Further, he believes that, in practice, the concept can make a difference to the success of performance management and Balanced Scorecard initiatives by focusing on the inculcation of Balanced Scorecard and strategy management skills. Creelman anticipates that the OSM concept will address several problems – such as the present Project Manager view of the Balanced Scorecard Manager – and finally ensure that strategy is managed as a single end-to-end process, from formulation to execution to feedback. Creelman also predicts that the OSM concept will be the most enduring legacy of Norton and Kaplan because, he feels, inculcating strategy management as a core function has greater implications for organizational management in the 21st century than even the Balanced Scorecard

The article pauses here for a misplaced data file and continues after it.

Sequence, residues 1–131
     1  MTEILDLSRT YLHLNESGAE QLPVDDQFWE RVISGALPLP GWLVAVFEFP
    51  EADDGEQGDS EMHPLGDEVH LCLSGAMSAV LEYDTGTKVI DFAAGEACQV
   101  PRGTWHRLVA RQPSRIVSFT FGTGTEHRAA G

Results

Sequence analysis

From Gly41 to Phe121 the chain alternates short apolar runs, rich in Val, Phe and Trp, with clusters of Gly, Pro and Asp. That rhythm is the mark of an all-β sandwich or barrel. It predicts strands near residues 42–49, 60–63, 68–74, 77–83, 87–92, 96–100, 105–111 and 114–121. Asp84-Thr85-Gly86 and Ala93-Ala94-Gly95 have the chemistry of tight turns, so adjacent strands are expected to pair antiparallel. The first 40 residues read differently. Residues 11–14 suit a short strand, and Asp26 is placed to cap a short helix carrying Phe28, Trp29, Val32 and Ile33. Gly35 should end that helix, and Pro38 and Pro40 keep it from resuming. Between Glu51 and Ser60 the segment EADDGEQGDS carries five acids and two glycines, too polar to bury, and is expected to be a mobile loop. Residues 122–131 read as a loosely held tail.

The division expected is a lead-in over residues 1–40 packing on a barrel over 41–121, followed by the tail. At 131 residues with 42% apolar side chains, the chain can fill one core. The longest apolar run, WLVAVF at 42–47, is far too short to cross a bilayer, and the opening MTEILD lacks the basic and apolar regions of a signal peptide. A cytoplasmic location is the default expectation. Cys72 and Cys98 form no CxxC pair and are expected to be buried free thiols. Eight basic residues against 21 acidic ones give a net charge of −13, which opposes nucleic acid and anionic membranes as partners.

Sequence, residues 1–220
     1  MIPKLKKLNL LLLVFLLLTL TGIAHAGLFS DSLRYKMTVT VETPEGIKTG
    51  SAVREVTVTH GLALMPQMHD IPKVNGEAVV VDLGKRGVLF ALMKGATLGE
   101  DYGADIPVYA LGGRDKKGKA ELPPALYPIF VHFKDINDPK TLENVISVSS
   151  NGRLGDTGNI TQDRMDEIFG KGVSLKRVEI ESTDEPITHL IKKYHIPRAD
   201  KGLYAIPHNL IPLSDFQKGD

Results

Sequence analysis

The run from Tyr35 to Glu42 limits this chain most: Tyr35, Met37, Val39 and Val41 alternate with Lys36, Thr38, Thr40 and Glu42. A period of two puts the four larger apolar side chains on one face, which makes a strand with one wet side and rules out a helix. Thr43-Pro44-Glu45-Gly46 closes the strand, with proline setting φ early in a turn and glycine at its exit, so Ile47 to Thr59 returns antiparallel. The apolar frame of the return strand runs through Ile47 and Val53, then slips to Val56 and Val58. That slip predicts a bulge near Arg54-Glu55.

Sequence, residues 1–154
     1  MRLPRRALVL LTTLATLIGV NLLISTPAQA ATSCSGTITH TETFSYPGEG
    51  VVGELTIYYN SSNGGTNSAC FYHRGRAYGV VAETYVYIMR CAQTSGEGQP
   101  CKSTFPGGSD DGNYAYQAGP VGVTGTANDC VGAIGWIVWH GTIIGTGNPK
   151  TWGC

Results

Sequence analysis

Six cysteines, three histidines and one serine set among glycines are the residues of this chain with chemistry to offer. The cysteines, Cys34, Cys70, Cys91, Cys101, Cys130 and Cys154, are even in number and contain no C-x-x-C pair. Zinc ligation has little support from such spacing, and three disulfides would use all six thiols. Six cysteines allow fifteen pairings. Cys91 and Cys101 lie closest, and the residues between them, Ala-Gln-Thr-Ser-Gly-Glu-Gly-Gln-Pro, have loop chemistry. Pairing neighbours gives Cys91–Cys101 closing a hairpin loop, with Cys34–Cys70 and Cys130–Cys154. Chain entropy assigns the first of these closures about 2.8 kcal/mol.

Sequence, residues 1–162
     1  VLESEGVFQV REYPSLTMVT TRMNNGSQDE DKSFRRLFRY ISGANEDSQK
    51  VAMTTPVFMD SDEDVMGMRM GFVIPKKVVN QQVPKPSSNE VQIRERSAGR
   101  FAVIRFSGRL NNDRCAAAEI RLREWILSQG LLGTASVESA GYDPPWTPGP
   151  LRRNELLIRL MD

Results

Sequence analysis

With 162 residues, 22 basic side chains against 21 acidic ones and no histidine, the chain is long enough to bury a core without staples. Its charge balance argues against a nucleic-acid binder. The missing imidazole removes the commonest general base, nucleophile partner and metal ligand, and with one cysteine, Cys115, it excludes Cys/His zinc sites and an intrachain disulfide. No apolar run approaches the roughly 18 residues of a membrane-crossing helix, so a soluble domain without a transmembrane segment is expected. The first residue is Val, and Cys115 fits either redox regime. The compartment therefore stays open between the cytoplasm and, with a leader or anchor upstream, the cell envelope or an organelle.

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    Management writer and educator James Creelman is, in the words of David Norton, co-creator of the Balanced Scorecard, ‘the foremost chronicler and historian of the Balanced Scorecard movement.’ Author/co-author of 16 important management reports and books, James Creelman answers a question about the extent of popularity of the Balanced Scorecard in parts of the world other than North America and Europe. In his detailed response, James Creelman points to the growing popularity of the Balanced Scorecard concept in Latin America and Asia and cites examples from Brazil, Hong Kong, India, Korea, Mexico and Singapore that have attracted worldwide attention for their success. Finally, he even predicts that Asia might overtake other continents in its use of the Balanced Scorecard.